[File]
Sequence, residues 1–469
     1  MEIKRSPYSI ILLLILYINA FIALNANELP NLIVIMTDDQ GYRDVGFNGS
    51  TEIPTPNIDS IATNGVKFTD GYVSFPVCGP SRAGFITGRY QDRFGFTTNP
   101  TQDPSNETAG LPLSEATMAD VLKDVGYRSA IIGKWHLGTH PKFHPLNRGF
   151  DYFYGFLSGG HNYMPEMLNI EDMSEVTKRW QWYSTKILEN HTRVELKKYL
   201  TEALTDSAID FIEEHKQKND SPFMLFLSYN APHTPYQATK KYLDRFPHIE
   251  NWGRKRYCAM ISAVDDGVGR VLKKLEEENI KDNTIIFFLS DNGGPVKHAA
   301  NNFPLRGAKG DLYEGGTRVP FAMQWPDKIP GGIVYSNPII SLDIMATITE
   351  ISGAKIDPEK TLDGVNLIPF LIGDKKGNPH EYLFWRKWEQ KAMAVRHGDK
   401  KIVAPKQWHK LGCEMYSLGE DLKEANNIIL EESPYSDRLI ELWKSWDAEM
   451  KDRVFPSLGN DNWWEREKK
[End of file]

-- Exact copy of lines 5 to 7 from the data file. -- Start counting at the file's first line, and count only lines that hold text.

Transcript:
   151  DYFYGFLSGG HNYMPEMLNI EDMSEVTKRW QWYSTKILEN HTRVELKKYL
   201  TEALTDSAID FIEEHKQKND SPFMLFLSYN APHTPYQATK KYLDRFPHIE
   251  NWGRKRYCAM ISAVDDGVGR VLKKLEEENI KDNTIIFFLS DNGGPVKHAA